Nikki Haley, the U.S. ambassador to the UN, has described the latest UN sanctions on North Korea as “the most stringent set of sanctions on any country in a generation.” But even that won’t necessarily mean that the measure, which was approved unanimously Saturday by the Security Council, can either impede Pyongyang’s missile and nuclear programs or compel it to return to negotiations. North Korea is already subject to separate U.S. sanctions and six previous rounds of UN sanctions, which have done little to change Pyongyang’s long-term behavior.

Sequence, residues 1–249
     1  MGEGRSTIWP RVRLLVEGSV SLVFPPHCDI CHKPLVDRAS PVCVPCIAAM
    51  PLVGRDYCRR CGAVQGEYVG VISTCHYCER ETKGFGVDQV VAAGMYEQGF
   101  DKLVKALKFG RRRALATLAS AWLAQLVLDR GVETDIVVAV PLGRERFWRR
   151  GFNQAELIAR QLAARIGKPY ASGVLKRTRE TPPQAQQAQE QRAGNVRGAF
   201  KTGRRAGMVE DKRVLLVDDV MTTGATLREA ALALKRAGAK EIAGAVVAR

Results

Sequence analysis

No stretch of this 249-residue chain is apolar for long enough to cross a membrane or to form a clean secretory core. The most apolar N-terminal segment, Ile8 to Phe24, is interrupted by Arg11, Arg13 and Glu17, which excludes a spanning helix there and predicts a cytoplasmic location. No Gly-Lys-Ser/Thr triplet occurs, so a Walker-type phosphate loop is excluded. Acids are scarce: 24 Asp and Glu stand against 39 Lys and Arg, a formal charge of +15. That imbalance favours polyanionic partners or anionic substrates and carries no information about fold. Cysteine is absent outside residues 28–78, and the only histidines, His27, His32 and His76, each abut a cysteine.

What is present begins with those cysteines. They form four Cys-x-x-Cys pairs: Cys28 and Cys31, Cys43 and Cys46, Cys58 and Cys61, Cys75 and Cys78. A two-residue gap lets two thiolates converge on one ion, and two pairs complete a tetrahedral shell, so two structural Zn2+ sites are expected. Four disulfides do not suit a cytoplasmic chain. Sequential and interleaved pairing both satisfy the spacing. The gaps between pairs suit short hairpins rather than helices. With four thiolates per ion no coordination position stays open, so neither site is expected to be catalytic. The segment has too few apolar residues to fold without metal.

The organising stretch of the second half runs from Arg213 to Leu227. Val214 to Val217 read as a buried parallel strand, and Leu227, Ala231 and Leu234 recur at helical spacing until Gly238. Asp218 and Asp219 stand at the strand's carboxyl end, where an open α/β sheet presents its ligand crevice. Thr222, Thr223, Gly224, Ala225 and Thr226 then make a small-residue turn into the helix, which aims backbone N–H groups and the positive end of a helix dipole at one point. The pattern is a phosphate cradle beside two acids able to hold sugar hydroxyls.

Among other restrictions, the new sanctions call for a total ban on North Korea’s major exports, including coal (from which it earned $1.2 billion last year, according to the Associated Press), iron and iron ore ($251 million, according to the AP), lead and lead ore ($113 million, the news agency reported), and seafood ($295 million, according to the wire service). They also target institutions and individuals that aid the North’s nuclear and missile programs, including the Foreign Trade Bank (FTB), the country’s main foreign-exchange bank. According to some estimates, the sanctions will cost North Korea $1 billion a year—a third of its annual export revenue. What is particularly significant about these latest sanctions is that China, North Korea’s main political benefactor and largest trading partner, voted along with the U.S. to tighten the restrictions that were imposed in response to North Korea’s tests last month of two intercontinental ballistic missiles that experts say can reach the U.S.